By David Joel Miller, MS, Licensed Therapist & Licensed Counselor.
Late Action – The change accelerates.
Last time we talked about how I might be full of enthusiasm as my self-improvement program gets going. In the weight loss example, I begin to exercise and maybe even get interested in nutrition and diet. Are deep-fried Twinkies a healthy diet? The diet guru says no. I eat low-fat and lots of greens. I hate greens but I eat them anyway. My efforts at change are taking shape and encouraged by my own persistence I may even expand my efforts.
On days when I can’t get to the gym, work days, I start walking on my lunch hour. It is a mile around the park. If I walk fast I can make two trips and eat during my lunch period. I discover that if I bring a healthy lunch, a sandwich, and some low-fat yogurt, and I walk around the park fast, some days I lose weight. Even if I don’t actually lose weight, at least those days I do not gain any more. At this point, the intensity of my workouts is increasing. I am really getting into this.
In substance abuse recovery terms, the person involved may not only be attending meetings, they have a regular home group they go to every week, maybe even a fellowship they attend every night. Some people “get into service” meaning they make coffee, take out the trash and so on. We get trainers, sponsors, and a support system. At this point, my change is beginning to be something I tell people about.
For people who have an emotional problem, like depression or anxiety, their recovery action might be seeing their therapist on a regular basis, improving self-care or journaling. There is a huge connection between emotional issues and eating problems. One of the key issues a professional looks for in making a mental health diagnosis is changes in eating and sleep. Binge eating, overeating or not being able to eat, as well as sleeping too much or too little are all symptoms of problems. They can also be causes. More about that mind-body connection and the relationship between sleep, eating and other life problems in a future blog.
So in late action, I am getting somewhere on my self-change program. Losing a few pounds, not drinking or drugging and I am no longer so depressed I don’t want to get out of bed. Everything should be going fine. Right?
Then what happens? Why do so many people successfully make a change only to return to the place they were before? Why do most weight loss programs, diet, and exercise, end in putting on more pounds than we lost? Why do so many people get a thirty-day sober chip only to drink again? And how is it that depression and anxiety return after a period of time?
I start wondering, am I fixed? Do I have to give up those quadruple thick burgers with the pound of fries? How long will I need to take these psych meds? Can’t I just have a donut or a glass of wine? What kind of wine goes best with donuts? My mind starts looking for ways out of the change process.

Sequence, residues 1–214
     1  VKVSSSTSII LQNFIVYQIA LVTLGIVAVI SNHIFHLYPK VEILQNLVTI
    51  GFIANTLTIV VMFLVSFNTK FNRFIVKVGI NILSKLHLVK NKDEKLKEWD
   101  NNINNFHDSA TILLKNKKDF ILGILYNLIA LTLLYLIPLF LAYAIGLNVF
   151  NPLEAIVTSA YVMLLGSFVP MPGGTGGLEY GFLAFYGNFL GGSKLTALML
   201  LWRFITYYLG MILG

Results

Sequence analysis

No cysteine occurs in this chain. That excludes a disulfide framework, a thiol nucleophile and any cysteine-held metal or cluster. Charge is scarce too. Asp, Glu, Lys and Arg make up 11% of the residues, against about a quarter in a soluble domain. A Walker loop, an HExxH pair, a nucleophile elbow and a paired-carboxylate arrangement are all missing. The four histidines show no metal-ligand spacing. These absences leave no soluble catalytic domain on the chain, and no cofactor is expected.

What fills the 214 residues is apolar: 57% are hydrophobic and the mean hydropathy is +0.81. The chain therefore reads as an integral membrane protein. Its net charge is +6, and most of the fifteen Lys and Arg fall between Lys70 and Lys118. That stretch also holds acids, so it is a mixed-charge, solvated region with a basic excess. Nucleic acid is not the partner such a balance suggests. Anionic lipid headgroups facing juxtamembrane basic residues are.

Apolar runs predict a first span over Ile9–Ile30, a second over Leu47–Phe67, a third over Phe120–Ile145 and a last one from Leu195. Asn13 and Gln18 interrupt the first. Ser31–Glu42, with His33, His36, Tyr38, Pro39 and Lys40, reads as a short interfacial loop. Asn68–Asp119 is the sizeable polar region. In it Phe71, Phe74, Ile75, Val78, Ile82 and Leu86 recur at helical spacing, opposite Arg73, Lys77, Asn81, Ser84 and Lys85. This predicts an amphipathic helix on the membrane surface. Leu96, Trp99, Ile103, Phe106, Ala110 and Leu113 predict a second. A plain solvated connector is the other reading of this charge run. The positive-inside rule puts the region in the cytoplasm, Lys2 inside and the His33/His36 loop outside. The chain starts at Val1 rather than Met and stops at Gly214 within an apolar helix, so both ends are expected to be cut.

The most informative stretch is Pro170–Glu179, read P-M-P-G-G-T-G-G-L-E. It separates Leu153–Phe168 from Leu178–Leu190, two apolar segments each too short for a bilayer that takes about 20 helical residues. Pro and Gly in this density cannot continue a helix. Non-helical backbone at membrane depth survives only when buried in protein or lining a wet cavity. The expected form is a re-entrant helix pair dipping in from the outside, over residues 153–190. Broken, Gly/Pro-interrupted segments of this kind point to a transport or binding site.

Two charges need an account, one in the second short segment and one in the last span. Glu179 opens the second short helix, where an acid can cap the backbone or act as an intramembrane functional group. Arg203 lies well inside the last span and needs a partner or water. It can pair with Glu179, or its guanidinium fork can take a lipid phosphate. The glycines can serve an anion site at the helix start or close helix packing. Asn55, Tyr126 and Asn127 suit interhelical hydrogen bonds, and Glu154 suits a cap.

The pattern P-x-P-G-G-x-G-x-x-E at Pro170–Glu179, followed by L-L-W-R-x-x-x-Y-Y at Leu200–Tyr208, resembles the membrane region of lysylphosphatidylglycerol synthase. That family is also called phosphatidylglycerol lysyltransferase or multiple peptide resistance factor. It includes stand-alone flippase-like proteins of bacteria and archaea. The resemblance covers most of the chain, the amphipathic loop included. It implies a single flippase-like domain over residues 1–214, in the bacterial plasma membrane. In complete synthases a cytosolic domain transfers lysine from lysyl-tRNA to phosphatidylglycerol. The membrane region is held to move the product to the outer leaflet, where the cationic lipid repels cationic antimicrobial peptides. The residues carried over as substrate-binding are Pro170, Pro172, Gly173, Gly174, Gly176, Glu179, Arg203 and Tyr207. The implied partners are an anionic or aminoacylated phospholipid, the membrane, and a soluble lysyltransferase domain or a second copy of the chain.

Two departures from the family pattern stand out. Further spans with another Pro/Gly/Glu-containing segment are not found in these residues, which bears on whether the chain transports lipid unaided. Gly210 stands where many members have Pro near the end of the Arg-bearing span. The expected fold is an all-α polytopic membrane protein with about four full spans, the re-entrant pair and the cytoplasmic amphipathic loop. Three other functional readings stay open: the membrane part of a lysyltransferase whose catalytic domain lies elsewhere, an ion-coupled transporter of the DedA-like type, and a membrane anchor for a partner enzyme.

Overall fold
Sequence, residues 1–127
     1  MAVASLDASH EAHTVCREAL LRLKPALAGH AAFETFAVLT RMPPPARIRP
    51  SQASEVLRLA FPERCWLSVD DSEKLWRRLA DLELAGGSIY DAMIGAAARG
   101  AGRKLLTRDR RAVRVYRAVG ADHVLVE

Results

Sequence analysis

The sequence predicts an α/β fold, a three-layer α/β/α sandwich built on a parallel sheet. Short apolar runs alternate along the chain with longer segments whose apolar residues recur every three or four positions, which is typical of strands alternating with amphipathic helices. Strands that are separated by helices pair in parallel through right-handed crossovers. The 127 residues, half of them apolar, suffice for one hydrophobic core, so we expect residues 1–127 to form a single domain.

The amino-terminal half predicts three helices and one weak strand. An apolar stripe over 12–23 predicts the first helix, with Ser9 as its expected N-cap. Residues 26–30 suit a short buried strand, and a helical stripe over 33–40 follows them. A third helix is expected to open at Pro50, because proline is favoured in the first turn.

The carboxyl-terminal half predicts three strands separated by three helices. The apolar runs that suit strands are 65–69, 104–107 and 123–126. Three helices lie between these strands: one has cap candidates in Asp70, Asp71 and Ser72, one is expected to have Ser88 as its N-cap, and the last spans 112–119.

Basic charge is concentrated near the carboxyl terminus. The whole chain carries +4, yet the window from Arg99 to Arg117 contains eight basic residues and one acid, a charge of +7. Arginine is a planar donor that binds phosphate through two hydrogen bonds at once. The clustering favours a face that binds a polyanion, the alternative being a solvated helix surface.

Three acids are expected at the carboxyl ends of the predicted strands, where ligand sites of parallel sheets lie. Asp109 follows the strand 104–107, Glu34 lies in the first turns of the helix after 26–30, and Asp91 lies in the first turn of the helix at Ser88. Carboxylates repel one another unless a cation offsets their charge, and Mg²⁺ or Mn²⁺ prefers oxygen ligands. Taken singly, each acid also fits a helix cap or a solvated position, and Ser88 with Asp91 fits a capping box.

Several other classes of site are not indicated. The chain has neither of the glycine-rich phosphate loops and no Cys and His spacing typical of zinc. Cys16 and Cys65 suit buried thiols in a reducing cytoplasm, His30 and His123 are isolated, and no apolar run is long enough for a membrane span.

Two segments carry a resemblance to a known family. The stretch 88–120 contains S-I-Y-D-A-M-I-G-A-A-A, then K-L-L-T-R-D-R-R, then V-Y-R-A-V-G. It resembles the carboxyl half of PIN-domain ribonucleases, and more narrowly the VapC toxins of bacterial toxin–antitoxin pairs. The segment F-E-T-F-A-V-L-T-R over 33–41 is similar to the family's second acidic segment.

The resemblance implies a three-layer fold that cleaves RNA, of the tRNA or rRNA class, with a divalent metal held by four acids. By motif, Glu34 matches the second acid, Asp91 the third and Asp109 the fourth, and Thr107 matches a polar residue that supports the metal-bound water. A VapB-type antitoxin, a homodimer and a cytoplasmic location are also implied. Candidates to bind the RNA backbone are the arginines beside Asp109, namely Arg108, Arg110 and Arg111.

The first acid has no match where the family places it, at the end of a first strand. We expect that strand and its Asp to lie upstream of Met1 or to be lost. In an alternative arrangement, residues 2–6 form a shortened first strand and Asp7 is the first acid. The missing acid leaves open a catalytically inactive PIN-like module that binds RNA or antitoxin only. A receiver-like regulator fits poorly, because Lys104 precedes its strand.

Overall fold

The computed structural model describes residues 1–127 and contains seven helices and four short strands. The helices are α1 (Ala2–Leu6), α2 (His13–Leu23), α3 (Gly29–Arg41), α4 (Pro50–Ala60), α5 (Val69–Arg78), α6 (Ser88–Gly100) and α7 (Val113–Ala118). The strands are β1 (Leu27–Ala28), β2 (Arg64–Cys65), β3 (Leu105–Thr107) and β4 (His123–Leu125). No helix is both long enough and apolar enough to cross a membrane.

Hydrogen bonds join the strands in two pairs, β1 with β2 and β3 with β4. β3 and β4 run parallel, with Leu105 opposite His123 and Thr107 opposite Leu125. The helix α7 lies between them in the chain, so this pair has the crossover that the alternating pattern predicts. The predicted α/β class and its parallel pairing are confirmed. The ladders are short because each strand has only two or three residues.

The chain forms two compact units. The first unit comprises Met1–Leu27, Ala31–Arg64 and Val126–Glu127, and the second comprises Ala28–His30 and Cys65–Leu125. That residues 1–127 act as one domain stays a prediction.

For substance abuse, we call this relapse. For depression or anxiety, we are starting to think in those terms also. For weight loss programs the part that we don’t like to talk about is why after losing twenty pounds, do I put it all back on and then some. Every time I have been on a diet I have needed to get new larger clothes.
This is the point where people start talking to us about maintenance plans. You mean I can’t just crash diet off ten pounds and then I will be able to eat like other people? Can’t you AA folks just teach me to control my drinking? So my depression is gone. I will never feel that way again. Time to get back to the way things were before my self-improvement program. So next time let’s talk about putting the weight back on, the relapse and the return of emotional problems.
Other posts on this topic can be found at: Pre-contemplation, Contemplation, Preparation, Early Action, Late Action, Maintenance, relapse, recovery, triggers, support system, more on support systems, Resiliency
Staying connected with David Joel Miller
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Bumps on the Road of Life. Whether you struggle with anxiety, depression, low motivation, or addiction, you can recover. Bumps on the Road of Life is the story of how people get off track and how to get your life out of the ditch.
Casino Robbery is a novel about a man with PTSD who must cope with his symptoms to solve a mystery and create a new life.
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For more about David Joel Miller and my work in the areas of mental health, substance abuse, and Co-occurring disorders see my Facebook author’s page, davidjoelmillerwriter. A list of books I have read and can recommend is over at Recommended Books. If you are in the Fresno California area, information about my private practice is at counselorfresno.com.